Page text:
Traffic police officers may make an unexpected appearance at many doors in the city in the days to come. “Five-time traffic offenders” are likely to see a uniformed officer at their doorsteps to collect the fine. Since the e-challan system was introduced in October 2016, only 25 per cent of traffic violators have paid their fines, as compared to 80 per cent in 2015. The almost 55 per cent dip in the numbers was owing to the traffic police switching to the electronic mode of fine collection. However, taking note of the situation, the traffic police, after a lot of brainstorming, has come up with a slew of measures to achieve its erstwhile fine collection figures.
Going by the collections between May and June, the efforts are seen to be paying off. The collection figures have now risen to 45 per cent.
One of the most effective method has been collecting fines in-person from “five-time violators”. The Mumbai Traffic Police has drawn a list of such violators and is now sending its constables to their homes to collect the fines. After completion of this list, a fresh list of “three-time violators” will be prepared and the same drill of sending cops to their doors will be followed.
Explaining through numbers, a senior official told The Indian Express about the steady progress made by his team. According to the official, between, October 2016 and May 2017, there have been 35,000 cases of speed violation. Of this only 1,500 motorists paid fine through e-challan.
After implementation of the new methods, since May, they have been able to collect fines from 8,500 violators. “E-challans are the need of the hour. It is an effective way of ensuring transparency and eradicating corruption. We are following some new methods to collect fines and we are confident that they will give the desired results,” said Amitesh Kumar, Joint Commissioner of Police, Traffic.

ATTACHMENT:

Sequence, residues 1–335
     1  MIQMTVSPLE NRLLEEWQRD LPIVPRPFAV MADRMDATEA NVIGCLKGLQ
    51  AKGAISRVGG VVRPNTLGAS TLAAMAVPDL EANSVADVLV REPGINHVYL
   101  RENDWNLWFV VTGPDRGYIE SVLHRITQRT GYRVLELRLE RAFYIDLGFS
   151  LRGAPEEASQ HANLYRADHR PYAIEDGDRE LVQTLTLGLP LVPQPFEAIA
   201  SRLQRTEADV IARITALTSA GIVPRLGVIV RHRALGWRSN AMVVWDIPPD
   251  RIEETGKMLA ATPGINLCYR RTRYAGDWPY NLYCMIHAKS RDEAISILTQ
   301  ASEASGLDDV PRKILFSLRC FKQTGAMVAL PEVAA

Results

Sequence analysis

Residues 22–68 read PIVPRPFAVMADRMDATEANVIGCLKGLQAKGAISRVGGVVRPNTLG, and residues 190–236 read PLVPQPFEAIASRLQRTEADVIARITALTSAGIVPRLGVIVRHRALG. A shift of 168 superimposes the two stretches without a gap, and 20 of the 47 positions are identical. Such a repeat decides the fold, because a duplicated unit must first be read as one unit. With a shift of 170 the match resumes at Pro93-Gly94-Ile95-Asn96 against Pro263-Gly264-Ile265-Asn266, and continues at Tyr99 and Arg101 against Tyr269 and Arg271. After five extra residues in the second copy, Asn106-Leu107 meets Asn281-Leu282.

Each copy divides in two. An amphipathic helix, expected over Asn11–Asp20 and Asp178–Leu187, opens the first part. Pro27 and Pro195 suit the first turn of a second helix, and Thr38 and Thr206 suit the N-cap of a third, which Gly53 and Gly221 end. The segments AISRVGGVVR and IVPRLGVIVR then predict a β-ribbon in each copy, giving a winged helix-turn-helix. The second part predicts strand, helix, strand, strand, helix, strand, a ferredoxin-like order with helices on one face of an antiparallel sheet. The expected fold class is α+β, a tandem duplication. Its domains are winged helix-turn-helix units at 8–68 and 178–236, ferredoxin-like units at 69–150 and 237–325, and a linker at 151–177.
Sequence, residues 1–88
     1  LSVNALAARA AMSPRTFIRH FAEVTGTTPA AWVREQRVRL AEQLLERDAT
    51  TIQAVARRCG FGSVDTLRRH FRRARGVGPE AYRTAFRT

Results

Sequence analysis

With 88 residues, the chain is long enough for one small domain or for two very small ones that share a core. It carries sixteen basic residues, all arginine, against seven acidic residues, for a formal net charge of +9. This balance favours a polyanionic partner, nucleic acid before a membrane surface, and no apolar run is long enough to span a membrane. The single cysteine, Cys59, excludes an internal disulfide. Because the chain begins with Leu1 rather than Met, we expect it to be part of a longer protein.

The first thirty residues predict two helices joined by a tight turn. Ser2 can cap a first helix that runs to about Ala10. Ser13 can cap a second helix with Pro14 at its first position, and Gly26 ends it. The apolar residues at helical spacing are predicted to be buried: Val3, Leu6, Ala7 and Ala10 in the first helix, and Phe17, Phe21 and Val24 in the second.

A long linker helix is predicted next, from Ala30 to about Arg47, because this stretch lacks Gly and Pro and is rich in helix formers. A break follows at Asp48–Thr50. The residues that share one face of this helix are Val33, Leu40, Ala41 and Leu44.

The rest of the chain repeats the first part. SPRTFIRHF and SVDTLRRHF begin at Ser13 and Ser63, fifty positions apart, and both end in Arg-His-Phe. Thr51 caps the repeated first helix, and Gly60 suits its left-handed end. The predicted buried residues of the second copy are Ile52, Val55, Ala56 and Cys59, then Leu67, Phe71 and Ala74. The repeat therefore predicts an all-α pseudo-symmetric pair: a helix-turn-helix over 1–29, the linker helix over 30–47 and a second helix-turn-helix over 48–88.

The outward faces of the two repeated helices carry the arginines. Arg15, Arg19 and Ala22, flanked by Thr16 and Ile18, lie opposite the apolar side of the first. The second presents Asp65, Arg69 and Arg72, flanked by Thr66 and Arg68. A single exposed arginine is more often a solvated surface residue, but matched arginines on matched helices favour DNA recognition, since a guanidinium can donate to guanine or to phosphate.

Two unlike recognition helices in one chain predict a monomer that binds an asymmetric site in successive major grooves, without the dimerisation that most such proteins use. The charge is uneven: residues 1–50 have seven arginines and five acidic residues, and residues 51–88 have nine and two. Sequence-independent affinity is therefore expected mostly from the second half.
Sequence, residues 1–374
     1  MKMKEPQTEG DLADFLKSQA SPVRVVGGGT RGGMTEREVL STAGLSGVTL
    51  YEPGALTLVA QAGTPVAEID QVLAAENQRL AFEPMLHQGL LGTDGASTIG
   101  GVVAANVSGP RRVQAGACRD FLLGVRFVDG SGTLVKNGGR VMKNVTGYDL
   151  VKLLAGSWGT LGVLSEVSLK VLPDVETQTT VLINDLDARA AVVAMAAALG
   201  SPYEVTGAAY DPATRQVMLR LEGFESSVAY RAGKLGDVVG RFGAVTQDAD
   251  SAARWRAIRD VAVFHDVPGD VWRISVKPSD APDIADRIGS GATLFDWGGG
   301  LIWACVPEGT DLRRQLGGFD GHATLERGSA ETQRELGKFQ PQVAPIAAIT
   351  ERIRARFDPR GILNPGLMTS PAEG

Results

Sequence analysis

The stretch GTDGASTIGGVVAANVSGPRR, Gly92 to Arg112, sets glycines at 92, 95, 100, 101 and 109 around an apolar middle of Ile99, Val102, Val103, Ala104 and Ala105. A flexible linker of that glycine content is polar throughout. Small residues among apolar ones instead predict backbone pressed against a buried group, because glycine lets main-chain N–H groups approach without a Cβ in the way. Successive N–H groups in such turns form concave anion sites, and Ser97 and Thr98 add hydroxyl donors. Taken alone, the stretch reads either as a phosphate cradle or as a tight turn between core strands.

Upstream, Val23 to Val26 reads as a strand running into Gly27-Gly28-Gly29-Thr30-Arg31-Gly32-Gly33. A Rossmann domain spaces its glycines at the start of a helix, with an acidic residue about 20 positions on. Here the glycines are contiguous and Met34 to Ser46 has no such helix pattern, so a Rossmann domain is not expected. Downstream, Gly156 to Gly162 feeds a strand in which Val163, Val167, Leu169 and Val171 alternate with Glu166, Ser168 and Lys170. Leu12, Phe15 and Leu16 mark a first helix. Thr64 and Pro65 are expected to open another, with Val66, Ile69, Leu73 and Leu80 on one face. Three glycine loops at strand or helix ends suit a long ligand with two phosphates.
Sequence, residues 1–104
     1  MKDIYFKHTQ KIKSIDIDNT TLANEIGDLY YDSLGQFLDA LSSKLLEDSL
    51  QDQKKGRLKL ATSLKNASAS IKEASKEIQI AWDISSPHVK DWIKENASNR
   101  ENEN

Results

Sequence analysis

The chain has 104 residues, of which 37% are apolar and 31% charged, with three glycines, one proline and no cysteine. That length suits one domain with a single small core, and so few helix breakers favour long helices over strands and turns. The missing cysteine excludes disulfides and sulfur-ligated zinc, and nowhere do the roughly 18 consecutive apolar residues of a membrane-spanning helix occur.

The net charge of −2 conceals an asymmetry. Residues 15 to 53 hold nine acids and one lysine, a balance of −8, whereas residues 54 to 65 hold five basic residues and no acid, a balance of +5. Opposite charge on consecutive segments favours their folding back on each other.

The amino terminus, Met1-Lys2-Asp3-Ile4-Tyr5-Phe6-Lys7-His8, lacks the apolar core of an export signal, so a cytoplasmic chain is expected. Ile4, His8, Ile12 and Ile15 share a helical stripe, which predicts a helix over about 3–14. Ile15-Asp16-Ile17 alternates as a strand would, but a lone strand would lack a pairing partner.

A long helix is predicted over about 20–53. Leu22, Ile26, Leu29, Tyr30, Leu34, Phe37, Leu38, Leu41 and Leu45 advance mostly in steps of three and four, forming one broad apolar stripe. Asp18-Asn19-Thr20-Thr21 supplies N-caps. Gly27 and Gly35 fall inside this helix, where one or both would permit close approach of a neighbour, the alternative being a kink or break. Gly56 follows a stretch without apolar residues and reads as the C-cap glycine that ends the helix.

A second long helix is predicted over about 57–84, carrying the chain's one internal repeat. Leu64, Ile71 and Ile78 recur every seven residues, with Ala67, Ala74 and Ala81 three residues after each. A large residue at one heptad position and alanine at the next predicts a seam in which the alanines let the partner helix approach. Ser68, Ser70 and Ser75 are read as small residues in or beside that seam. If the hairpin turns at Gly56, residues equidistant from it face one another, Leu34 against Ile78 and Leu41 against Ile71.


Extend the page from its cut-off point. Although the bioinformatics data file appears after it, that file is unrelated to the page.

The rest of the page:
Kumar took over from his predecessor, IPS officer Milind Bharambe, in May this year.
Dwelling on the problems with e-challans, another senior officer, who spoke on the condition of anonymity, said the main problem lies with identifying the motorists. “While the e-challans collected by our men on roads, who ask the offender to pay through plastic money, is working well, it’s the fine collected through our CCTV teams that poses a major challenge. We don’t have a database of all motorists and therefore, are unable to send them the messages to pay up,” explained the official.
“Also, our application-based payment service has a few technical issues and we are dealing with those to ensure that the app is compatible in all common mobile phone models and is more user-friendly. These are teething problems which will be fixed soon,” added the official.
To deal with this, the Traffic Police has already written to the General Insurance Corporation, the nodal agency of insurance companies, to help them with database. “While a few private firms have provided their database, we have written to their nodal agency to help us get the data,” the official said.
The Traffic Police is also mulling over the idea of availing the services of courier companies to collect the challans for them. “While this will spare our men going door-to-door to collect fines and the same force could be pressed in traffic policing duties, the problem is who will foot their bills,” the official said.